Admired for championing Bill Simmons's Grantland website and for his extracurriculars (he teamed with Hillary Clinton to promote international efforts to empower women in sports), Skipper could easily be No. 1 on this list given ESPN's might.
5 BUD SELIG
In the twilight of his commissionership, the 78-year-old (who, like Stern, insists he'll retire in 2014) is leaving a significant imprint on his game. MLB negotiated eight-year deals in October with Fox and Turner Sports that doubled the previous payment to an average of $800 million annually; regional sports networks are proving a growth market; and the league is doing well in-house too, with attendance rising in '12 to 74.9 million, the highest since '08. (Unlike Stern's NBA, Selig's MLB lacks a thrilling climax: Last year's Giants-Tigers Fall Classic was the lowest-rated in history.)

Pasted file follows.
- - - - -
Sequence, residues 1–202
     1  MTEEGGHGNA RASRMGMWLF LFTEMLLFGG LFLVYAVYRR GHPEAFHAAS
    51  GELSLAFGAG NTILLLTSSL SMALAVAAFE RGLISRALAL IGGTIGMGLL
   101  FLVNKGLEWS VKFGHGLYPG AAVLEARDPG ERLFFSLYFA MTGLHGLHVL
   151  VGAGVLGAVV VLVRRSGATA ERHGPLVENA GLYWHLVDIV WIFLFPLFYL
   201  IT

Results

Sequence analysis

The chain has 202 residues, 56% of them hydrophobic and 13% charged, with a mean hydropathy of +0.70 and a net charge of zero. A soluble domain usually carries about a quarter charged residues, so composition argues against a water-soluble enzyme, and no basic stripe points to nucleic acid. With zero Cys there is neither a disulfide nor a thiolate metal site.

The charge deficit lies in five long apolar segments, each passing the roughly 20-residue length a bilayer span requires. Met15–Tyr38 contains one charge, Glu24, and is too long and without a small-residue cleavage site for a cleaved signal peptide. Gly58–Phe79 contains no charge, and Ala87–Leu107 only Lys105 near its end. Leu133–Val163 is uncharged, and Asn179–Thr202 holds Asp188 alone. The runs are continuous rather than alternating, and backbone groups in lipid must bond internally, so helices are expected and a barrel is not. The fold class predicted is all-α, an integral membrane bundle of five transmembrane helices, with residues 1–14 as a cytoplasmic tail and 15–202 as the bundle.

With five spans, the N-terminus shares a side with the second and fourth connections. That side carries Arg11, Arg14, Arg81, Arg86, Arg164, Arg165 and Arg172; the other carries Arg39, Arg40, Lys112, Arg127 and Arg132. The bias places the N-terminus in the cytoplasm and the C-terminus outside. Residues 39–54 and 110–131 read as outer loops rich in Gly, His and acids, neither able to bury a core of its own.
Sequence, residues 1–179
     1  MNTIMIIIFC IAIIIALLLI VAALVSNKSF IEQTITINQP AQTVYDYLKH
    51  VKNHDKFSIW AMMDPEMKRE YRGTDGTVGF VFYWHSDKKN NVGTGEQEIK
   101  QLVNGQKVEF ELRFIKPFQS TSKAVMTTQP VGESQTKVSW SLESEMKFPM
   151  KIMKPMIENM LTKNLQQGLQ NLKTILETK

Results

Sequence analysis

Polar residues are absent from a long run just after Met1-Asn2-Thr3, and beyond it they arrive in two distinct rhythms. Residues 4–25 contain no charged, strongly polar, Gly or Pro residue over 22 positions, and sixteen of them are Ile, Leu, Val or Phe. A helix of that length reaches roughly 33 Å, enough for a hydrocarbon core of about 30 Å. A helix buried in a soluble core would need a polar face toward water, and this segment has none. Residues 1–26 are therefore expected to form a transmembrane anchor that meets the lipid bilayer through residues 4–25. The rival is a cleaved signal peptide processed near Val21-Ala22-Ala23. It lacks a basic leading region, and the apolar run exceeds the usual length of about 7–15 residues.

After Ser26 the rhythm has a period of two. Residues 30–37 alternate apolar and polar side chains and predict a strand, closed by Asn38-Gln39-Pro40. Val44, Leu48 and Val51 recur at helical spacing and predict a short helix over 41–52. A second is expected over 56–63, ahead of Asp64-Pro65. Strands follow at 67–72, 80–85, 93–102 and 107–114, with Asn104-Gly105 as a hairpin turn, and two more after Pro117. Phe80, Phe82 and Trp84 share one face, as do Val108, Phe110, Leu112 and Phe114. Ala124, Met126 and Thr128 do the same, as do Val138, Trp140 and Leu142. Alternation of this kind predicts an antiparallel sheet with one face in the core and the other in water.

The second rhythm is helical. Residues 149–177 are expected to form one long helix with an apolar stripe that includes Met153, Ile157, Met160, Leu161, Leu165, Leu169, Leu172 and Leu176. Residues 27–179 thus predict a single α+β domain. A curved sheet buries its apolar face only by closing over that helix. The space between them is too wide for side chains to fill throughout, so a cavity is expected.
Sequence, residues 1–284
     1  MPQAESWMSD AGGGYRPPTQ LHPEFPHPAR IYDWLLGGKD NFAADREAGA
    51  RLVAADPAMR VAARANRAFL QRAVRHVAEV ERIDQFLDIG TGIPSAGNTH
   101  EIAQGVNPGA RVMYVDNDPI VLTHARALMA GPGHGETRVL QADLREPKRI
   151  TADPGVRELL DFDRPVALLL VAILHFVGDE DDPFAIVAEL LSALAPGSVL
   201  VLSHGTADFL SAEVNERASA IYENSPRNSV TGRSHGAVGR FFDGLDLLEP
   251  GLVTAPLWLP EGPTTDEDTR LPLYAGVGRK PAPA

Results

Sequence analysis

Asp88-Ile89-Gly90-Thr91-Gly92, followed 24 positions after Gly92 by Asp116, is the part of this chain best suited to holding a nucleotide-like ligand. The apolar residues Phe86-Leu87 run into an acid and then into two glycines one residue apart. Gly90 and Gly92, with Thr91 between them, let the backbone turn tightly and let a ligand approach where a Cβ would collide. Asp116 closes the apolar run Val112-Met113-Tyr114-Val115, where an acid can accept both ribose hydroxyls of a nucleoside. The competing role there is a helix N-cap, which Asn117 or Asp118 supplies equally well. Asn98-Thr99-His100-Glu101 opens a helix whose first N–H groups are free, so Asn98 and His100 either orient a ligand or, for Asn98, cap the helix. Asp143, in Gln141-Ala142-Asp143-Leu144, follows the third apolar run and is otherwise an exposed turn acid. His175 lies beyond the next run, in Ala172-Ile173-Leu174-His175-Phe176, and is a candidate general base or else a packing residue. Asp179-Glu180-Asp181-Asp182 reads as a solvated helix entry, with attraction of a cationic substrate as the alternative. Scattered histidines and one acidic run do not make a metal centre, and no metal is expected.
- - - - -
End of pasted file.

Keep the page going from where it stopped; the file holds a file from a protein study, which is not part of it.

As a policy guy, Selig and the MLBPA put together the toughest anti-PED policies in U.S. pro sports, and his addition of a second wild-card spot last season proved a success. But mostly his bosses love him for this: The average MLB team's value rose 16% last year, to an alltime high of $605 million, according to Forbes.
6 STAN KROENKE
Kroenke Sports Enterprises owner
[BILLIONAIRE][TEAM/LEAGUE OWNER][WORLD POWER][HERMIT]
The reticent real-estate mogul could go unrecognized on the main drag of any town. But as the owner of the Rams, Nuggets, Avalanche, Rapids and most of Arsenal, Kroenke, 65, has more holdings devoted to sports properties ($4 billion) than anyone else on the planet. Dinging his stock: Arsenal's recent slide (leading to rumors of a takeover) and, when it comes to America's biggest sport, his Rams are still, well, the Rams.